...Thirty-six percent of people in India (439 million) are illiterate. That’s right; there are more illiterate Indians than there are people in the United States, Mexico, and one-third of Canada combined.

Of Indian urban cities with more than 1 million people (of which there are 45), 24.1% of the population lives in slums. Of these people, only half can read and write.

In India, if you make more than Rs 32 (62 cents) per day, you are above the government's poverty line and are thus ineligible for state and federal subsidies. A liter of milk, in comparison, costs Rs 40 (77 cents). It would take more than a day of work to earn a single quart of milk. Even if you worked every single day for a year at this rate, you would only make $226.30. Amazingly, 37% of Indians (448 million people) still live below this line.

My point is this: if you’re poor and uneducated here in India, there are literally millions of people just like you. There are more than 600,000 people living in slums just here in Faridabad! That's the population of Washington D.C. The slum in which I teach has more than 30,000 residents alone.

These numbers are nearly impossible to comprehend. However, I am beginning to understand the diverse mentalities surrounding this massive dilemma. As the rich become richer, the poor become poorer, and the numbers of each continue to soar, increased selfishness is the logical progression.

I used to wonder how Mukesh Ambani, one of the top-ten wealthiest people in the world, could live in a 27-story nearly $2 billion home in Mumbai overlooking mass poverty. I don't have $27 billion in the bank like Mr. Ambani --even if I did I wouldn't spend it like he does-- but he is not alone in his actions. I shake my head every time I pass the Rolls Royce dealership in Delhi or see a big BMW zip through traffic with disregard of others.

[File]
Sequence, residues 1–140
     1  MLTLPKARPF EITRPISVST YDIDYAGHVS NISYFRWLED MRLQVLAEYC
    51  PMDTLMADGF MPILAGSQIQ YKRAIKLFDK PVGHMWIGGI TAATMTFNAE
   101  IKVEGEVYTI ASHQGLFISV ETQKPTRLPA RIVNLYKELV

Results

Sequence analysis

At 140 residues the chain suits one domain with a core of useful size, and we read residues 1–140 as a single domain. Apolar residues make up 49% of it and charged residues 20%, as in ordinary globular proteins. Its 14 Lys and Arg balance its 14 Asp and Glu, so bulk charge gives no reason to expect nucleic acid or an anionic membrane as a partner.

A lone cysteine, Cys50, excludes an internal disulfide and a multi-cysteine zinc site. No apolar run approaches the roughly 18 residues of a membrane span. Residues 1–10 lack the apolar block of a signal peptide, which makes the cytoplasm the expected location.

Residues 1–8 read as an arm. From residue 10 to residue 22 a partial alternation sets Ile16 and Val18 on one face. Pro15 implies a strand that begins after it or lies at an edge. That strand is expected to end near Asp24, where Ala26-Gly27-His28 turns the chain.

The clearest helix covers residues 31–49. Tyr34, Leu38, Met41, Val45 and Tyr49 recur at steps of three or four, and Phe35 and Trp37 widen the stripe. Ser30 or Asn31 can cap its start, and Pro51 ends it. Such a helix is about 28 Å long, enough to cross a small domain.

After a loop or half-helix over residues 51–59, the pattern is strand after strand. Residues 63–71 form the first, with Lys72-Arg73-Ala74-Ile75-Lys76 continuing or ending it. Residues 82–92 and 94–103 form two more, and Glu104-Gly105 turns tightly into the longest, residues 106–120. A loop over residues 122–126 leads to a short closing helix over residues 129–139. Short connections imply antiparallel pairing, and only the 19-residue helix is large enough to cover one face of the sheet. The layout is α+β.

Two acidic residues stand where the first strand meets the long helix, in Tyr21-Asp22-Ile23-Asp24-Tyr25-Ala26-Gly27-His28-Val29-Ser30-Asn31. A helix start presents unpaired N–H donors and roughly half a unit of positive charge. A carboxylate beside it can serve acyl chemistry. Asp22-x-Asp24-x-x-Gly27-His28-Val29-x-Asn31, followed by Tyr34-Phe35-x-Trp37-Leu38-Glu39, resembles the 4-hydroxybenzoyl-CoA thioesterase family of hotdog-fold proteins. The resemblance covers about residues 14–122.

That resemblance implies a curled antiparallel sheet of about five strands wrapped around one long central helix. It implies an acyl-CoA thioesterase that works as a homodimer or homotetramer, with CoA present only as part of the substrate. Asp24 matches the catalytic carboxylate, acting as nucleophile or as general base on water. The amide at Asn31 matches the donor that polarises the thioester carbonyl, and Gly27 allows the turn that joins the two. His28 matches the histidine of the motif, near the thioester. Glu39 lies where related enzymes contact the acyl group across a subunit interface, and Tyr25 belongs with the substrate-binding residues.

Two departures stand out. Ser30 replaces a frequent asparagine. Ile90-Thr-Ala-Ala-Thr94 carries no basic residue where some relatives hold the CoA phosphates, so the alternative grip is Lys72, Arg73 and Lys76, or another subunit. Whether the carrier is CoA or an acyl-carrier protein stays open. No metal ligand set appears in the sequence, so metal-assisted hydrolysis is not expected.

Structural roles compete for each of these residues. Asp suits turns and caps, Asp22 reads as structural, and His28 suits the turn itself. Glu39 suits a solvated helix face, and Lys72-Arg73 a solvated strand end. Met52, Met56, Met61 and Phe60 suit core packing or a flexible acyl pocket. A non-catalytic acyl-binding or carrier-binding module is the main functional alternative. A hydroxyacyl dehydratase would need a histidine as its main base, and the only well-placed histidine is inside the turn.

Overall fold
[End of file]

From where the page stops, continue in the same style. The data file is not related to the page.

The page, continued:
But even Mr. Ambani can't single-handedly bring his 448 million fellow countrymen out of abject poverty. None of us can. We must start small, knowing well that we can't help everyone.

Helping begins with understanding. Throwing money and resources blindly at a cause without proper planning and knowledge of the underlying needs is a path to waste and disorder. It's easy to look into the school here and say, "They need shoes, desks, Crayons, workbooks..." But, is that really the best way we can help them? What happens when the desks make the room overflow, when the kids would rather just be barefoot, when there is no paper to use the Crayons with, and when the workbooks become covered with scribbles from 80 other students? What happens when the other volunteers and I get on a plane and fly 8000 miles into the horizon?

My goal is to get on that plane knowing that at least one life has been and will continue to be drastically changed by our efforts here. I have a project in the works that I think you will like, that will engage you, and that might just bring a life of opportunity and prosperity to a few lucky kids who would otherwise just be, well, one in 448 million.

Please bear with me as I continue to work out the fine details. In the meantime, hit me up with ideas if you have any. I'll reveal my own plans once I am certain of their feasibility and efficacy.

Major Sources:

http://ddp-ext.worldbank.org/EdStats/INDgmrpap09b.pdf

http://www.hindustantimes.com/India-news/NewDelhi/How-does-one-define-poverty-line-in-India/Article1-754337.aspx

http://www.nytimes.com/2011/10/19/business/global/this-luxurious-house-is-not-a-home.html

 

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